I remembered telling someone once that I’m an “Otaku”. I thought that it was simply someone who enjoyed Japanese animated television programs and movies. In reality, an Otaku is someone who has an unhealthy obsession with anime and manga. These people have their bedrooms plastered in anime posters, pictures, and drawings to the point where there isn’t an inch of wall visible. They have anime characters that they have fantasy romantic relations with (i.e waifus), and some own “Japanese Body Pillows” that even have their pictures on them. I’ll just leave it to your imagination as to what they do with those. Now I know that I am NOT an Otaku and I am mortified that I ever used that title of myself. I just really like to watch Japanese television programs: Pokemon, Bleach, Fullmetal Alchemist, Attack On Titan, etc. It’s not an unhealthy obsession for me, but a hobby.

So, be sure that you and your friend have the same idea of what constitutes a “furry”. Otherwise, you’ll be talking past each other. As has been said “Define your terms lest we be like two ships passing in the night.” If all your friend means is that he’s a fan of cartoon animals with human characteristics (he enjoys Loony Tunes, StarFox video games, and the like), no problem. But if it’s an obsession, or even worse; a sexual fetish, then you’ll need to give a rebuke for such sinful behavior.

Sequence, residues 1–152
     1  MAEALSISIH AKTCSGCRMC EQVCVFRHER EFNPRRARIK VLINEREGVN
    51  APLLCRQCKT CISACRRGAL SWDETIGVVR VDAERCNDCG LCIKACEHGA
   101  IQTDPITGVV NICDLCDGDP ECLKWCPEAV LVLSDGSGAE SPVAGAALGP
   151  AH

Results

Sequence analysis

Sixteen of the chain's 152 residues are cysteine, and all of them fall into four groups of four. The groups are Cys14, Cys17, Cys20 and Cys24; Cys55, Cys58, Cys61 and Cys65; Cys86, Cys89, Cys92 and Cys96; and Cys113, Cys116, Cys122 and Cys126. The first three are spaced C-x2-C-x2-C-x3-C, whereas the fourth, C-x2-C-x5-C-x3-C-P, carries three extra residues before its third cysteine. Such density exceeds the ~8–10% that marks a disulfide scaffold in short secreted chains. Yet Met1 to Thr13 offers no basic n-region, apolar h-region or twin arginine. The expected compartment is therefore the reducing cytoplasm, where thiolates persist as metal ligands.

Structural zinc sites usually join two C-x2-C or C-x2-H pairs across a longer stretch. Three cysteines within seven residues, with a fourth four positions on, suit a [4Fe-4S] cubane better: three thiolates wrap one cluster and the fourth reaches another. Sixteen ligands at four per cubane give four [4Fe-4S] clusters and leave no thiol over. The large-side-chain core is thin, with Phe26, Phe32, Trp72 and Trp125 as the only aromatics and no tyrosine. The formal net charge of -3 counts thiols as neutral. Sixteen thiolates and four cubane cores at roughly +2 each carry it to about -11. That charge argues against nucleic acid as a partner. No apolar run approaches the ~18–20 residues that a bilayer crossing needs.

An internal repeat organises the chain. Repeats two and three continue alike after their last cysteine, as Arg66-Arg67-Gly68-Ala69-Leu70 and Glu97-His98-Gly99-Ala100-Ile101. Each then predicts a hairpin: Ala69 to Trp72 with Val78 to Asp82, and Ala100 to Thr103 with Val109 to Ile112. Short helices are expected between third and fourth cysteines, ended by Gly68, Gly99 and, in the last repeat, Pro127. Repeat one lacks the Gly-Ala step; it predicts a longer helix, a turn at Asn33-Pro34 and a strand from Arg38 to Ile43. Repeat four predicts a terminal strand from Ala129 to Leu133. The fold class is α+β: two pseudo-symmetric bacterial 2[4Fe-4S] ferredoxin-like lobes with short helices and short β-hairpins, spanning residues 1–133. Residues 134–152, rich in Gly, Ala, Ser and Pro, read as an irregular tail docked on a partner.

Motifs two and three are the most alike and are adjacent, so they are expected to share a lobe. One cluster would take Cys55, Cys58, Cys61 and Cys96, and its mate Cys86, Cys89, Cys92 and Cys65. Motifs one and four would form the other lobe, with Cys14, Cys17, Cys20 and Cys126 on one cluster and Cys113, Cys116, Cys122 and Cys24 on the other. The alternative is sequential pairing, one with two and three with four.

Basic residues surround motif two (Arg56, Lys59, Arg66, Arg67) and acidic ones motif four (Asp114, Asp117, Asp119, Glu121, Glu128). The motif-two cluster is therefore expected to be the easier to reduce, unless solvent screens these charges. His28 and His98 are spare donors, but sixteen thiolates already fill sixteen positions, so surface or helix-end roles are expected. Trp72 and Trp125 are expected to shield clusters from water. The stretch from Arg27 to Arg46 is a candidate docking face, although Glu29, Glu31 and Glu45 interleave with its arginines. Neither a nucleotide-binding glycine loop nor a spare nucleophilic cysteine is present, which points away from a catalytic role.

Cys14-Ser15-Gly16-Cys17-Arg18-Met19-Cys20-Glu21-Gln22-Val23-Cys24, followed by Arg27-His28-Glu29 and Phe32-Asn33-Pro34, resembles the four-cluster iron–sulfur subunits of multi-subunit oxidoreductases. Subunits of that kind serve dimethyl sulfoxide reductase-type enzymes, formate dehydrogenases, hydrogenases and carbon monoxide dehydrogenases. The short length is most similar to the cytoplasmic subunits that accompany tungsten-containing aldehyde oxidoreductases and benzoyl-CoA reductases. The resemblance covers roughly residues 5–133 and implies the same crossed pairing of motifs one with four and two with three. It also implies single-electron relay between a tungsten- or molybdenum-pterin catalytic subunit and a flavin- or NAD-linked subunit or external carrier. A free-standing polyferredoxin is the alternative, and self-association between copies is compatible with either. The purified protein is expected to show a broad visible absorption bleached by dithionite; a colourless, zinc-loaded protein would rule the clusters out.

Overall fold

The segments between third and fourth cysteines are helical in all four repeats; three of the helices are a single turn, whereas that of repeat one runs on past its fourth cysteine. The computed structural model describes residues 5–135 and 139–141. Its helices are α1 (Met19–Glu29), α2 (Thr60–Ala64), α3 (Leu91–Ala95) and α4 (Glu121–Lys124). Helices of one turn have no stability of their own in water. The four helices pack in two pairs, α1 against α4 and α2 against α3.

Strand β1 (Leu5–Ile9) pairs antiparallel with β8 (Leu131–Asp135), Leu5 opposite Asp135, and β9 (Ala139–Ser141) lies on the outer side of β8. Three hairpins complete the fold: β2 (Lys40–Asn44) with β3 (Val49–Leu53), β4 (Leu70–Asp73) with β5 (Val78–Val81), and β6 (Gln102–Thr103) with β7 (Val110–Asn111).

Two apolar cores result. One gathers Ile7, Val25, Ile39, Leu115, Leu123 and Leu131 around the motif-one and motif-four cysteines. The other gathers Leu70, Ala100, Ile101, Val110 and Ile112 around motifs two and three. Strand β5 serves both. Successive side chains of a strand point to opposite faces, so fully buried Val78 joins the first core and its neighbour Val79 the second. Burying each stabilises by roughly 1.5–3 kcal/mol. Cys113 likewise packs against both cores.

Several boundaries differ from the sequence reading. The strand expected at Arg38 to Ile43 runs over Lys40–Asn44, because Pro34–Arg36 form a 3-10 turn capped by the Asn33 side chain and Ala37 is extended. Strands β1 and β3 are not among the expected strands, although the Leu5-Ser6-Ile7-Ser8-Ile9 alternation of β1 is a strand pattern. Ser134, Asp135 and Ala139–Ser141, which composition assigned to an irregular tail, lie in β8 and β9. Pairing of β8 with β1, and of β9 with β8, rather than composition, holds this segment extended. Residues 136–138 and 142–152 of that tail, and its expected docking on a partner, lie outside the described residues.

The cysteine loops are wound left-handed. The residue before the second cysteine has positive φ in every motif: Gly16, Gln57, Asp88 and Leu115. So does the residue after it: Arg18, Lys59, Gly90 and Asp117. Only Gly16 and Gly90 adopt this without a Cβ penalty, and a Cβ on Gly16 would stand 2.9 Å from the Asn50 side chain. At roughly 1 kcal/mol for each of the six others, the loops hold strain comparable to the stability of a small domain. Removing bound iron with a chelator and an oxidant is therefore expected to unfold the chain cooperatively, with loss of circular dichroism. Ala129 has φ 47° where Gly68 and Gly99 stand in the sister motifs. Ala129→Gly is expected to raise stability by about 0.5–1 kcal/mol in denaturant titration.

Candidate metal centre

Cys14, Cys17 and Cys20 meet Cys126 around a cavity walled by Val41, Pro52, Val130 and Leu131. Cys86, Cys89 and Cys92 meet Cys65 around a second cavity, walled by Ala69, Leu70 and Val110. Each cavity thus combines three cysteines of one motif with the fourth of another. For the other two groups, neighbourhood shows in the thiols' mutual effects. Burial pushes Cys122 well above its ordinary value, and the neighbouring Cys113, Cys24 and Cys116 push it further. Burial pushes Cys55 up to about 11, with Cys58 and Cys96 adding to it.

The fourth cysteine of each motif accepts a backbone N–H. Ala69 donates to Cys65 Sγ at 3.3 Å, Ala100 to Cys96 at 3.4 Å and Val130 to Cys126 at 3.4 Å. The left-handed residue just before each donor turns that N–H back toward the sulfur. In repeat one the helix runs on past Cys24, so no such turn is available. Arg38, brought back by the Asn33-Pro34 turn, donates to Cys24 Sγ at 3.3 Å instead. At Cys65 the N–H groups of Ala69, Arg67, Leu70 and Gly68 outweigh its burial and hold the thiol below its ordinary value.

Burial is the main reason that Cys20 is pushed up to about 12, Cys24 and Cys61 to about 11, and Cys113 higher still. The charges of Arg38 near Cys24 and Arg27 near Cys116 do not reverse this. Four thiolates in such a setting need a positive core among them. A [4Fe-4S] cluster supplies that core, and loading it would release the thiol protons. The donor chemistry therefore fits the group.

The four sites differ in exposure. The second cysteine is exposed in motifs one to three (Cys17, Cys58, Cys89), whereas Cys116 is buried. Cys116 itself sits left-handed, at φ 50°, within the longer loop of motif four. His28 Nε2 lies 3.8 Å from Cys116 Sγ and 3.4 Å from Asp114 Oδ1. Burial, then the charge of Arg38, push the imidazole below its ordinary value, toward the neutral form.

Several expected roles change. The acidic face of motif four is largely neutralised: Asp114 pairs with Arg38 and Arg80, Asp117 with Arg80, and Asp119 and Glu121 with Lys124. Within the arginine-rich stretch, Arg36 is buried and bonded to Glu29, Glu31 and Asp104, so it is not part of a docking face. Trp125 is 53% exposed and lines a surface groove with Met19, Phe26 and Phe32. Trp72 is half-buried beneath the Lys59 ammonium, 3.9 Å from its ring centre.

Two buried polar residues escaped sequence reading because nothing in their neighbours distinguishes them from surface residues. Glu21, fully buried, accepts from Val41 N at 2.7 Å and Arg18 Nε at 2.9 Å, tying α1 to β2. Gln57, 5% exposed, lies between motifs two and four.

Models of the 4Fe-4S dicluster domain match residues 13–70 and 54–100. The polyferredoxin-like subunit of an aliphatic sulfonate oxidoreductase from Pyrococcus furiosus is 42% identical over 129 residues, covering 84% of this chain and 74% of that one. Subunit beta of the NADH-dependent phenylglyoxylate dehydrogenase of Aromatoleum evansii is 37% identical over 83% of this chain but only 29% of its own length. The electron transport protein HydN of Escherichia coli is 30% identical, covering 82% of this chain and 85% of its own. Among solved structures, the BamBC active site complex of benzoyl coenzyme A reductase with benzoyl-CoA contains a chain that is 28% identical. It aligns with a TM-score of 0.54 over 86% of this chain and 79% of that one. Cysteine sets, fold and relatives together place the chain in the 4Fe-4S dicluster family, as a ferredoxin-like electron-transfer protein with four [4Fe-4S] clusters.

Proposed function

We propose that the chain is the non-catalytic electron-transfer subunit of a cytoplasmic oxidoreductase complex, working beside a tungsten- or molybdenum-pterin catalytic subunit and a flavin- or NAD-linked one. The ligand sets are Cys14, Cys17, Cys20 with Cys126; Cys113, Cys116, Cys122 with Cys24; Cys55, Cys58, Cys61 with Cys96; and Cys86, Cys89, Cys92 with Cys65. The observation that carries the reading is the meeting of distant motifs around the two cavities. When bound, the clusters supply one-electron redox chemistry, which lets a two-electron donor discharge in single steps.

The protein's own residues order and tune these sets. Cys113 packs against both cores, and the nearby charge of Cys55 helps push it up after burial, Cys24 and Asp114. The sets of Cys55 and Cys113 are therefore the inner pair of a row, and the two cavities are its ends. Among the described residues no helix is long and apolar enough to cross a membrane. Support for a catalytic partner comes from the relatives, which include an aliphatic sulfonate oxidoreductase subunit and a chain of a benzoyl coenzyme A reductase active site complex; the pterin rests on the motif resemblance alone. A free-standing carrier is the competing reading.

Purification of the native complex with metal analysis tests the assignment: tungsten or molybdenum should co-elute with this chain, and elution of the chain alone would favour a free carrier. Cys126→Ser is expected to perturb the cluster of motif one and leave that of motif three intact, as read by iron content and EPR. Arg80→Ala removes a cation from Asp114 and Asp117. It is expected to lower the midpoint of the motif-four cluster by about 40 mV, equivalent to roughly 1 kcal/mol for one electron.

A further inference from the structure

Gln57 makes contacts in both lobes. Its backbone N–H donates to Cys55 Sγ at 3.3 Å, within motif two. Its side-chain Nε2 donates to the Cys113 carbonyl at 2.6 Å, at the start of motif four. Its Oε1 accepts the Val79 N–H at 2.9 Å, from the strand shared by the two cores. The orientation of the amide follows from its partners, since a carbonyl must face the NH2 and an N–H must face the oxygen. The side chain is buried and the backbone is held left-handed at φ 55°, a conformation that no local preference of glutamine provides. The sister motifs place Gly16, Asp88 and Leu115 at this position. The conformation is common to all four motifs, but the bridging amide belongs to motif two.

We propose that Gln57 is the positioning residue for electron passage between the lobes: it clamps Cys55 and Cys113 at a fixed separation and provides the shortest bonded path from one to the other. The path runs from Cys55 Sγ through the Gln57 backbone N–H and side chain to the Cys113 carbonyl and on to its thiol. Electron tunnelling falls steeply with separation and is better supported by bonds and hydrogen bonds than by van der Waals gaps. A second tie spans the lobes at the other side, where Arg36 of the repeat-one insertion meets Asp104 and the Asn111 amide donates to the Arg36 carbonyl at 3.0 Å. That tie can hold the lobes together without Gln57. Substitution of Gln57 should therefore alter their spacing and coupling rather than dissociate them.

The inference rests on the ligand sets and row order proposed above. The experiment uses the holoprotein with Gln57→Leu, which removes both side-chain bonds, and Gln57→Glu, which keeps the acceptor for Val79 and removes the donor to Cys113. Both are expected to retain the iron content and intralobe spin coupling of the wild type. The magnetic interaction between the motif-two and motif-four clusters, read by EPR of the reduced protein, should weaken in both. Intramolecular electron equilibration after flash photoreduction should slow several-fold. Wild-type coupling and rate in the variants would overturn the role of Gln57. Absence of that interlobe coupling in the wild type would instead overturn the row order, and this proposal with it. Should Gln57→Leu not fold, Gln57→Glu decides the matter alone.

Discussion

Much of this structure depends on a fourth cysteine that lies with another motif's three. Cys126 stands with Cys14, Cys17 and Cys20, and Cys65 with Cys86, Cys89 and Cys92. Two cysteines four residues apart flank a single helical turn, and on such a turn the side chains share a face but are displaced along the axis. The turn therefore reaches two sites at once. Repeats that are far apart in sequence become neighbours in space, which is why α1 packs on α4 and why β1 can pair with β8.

Now let’s say you get a clarification on how he’s using that term and it indeed involves all of the depraved sexual aspects you thought. There are two ways you can approach this:

1: First, be sure that first and foremost that Jesus loves him so much that He was willing to suffer a horrendous, torturous death on the cross to atone for all of his sins so that He could spend eternity in Heaven with your friend (Isaiah 53, John 3:16-17, 1 Peter 3:18, 1 John 2:2). And let him know that Jesus’ philosophy of love is basically “nothing you confess could ever make me love you less”. He knows every evil thought, word, and deed we’ll ever think, say, or do (Psalm 139:1-4, Jeremiah 20:12, Matthew 12:25, John 21:17). Yet in spite of all this, Jesus still died for him and that Jesus would have died for him even if he were the only sinner in the world. Explain to him that all people have sinned in some way or other and have fallen short of God’s standard (as it says in Romans 3:23 and Psalm 14:2-4) and that he, like all people, face God’s judgment unless he places his faith in Christ (John 3:18, John 3:36). This is the gospel.